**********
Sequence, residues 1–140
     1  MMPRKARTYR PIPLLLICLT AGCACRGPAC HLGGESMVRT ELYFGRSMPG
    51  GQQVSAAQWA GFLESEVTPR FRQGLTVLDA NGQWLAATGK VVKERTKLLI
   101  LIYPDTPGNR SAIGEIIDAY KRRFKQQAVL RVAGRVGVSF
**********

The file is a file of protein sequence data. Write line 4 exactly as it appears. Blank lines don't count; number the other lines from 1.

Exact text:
   101  LIYPDTPGNR SAIGEIIDAY KRRFKQQAVL RVAGRVGVSF